Go to the Spread. Prove You Can Coach.

Nov 25, 2009 at 4:54 PM

The best offenses are flexible and consistent. Sounds like a paradox, right? Consistent flexibility is the life of every coach in the NFL. Every coach has a philosophy and in a perfect world they have all of the pieces on their team to achieve their philosophy.

The National Football League, however, is not that kind. It is a cold, hard wasteland with the remnants of philosophies strewn between 100 yards. Each coach has a starting point, but the best coaches are the ones that are able to be flexible enough to change to the realities of the NFL.

The 49ers are familiar with Bill Walsh and the West Coast Offense he made famous in San Francisco. That offense, however, was borne out of need. Walsh lost his strong-armed quarterback and had to change his approach when his personnel changed.

We see this pattern repeated in the NFL. When a good coach sees a strength, they game plan to accentuate that strength. Ken Wisenhunt came from an offense that stressed the run. However in Arizona he knows that his team is built to pass - so pass he does. This season, Arizona is throwing the ball 64% of the time and they are off to a 7-3 start with the 10th best scoring offense in the NFL. During the Patriots' 16-0 campaign in 2008, Belichick relied mostly on the pass, a departure from the balanced attack he employed in 2007. What accounted for this difference? Randy Moss. In 2007, Reche Caldwell led the team with 61 receptions, and in 2008 the addition of a deep-threat like Moss allowed Belichick to open up the arial floodgates.

The 49ers have a quarterback (Alex Smith) who ran the spread offense out of the shotgun in college. They have a wide receiver (Michael Crabtree) who excelled in the spread offense at Texas Tech. They have arguably the best receiving tight-end in the league (Vernon Davis). They have a running back who has expressed enthusiasm at the running lanes the shotgun formation produces (Frank Gore). Even more, the team has success when they employ a spread attack. And yet, for an entire half of putrid offensive football in Green Bay, the 49ers continually tried to be something they weren't.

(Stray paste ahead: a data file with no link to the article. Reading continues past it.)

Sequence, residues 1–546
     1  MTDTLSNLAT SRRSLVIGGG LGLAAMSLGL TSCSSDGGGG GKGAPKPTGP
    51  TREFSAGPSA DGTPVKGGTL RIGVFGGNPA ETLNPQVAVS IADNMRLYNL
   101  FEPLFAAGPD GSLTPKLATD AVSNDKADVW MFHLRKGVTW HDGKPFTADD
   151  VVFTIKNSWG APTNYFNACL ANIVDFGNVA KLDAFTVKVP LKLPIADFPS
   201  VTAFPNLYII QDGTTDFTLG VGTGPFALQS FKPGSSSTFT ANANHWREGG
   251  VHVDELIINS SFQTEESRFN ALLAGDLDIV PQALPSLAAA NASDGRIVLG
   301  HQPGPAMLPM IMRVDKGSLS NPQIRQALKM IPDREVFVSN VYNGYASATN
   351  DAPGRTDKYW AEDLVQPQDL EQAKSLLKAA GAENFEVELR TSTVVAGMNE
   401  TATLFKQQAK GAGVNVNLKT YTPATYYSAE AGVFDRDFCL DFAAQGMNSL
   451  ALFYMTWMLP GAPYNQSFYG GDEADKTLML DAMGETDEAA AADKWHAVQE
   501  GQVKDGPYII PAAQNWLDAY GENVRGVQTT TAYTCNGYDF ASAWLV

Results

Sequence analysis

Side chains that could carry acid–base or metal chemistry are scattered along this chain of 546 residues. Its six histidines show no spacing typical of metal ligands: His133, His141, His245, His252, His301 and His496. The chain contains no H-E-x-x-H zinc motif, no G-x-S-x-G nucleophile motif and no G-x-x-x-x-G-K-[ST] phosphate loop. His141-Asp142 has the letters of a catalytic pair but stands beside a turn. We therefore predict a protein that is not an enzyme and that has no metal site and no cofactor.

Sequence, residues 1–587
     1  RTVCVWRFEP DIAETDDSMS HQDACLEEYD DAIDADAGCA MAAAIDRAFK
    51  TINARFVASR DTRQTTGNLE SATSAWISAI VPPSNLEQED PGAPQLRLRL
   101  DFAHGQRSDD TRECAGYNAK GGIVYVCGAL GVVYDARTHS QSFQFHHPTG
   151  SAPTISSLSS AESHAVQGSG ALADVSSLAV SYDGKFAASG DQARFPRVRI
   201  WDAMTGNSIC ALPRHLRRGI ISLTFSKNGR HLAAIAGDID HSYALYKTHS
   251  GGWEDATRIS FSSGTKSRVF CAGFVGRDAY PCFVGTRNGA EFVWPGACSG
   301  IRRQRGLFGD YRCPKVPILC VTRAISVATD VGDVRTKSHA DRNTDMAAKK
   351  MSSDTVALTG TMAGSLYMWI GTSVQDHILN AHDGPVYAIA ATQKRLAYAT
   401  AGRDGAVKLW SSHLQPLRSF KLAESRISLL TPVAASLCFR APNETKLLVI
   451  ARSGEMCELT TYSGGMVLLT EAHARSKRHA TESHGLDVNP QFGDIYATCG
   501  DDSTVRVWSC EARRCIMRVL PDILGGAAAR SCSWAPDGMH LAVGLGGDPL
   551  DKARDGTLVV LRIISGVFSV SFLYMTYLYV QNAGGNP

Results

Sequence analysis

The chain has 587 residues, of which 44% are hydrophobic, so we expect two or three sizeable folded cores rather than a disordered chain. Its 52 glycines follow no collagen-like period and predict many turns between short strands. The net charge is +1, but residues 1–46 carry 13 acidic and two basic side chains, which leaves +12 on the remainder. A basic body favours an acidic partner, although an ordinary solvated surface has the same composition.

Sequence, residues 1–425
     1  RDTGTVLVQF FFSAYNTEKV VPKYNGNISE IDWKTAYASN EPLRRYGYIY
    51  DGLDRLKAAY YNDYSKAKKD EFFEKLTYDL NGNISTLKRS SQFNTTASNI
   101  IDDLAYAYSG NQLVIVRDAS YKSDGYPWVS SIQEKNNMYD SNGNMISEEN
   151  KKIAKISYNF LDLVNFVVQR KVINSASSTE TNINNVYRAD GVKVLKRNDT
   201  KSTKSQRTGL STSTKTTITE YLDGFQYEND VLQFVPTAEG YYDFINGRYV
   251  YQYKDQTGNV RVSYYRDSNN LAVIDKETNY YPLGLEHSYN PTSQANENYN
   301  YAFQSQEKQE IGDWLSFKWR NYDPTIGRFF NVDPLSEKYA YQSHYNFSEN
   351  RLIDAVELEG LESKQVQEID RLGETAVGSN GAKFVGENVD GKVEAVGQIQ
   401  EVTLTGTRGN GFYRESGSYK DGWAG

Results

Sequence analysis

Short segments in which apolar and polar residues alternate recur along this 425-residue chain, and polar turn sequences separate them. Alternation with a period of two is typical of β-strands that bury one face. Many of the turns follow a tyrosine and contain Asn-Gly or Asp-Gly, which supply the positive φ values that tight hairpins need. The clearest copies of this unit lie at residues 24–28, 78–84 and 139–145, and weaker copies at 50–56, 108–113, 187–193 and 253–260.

Sure, the 49ers struggle when trying to protect the quarterback. But Smith has been more comfortable in the shotgun and that means that he gets rid of the ball faster since he can make faster reads. Against Green Bay, Smith was sacked 3 times in the first half. In the second half, he was not sacked at all. As Matt Maiocco reported on his twitter feed, Alex Smith has attempted 92 passes in shotgun and been sacked 4 times. He's been sacked 9 times from under center on only 63 attempts.

Once a coach has set the direction, it's critical that there be some consistency in the scheme. Is is no coincidence that of the top 10 offenses based on Football Outsiders DVOA rankings, only Baltimore has been under the same head coach for less than 3 years.


Really, this underscores a fundamental problem with the 49ers underlying structure. In looking at the top offenses, 7 of the teams (IND, NO, PHI, BAL, MIN, GB, ARI) are led by offensive minded coaches. This is where consistency comes into play. When an offensive-minded coach takes over a team, coordinator turnover is not a huge concern. The coordinator mostly runs the scheme and system the head coach dictates. In many cases the coach calls the plays. As long as the head coach is there, the terminology and fundamental system stays consistent.

Therein lies the problem with hiring a motivator as a head coach. He is dependent on his offensive coordinator for an offensive system. With Martz. Mike Singletary had one system. With Raye, another. If Singletary decides that Raye is not the answer, he has to find yet another coordinator with a different system and different terminology.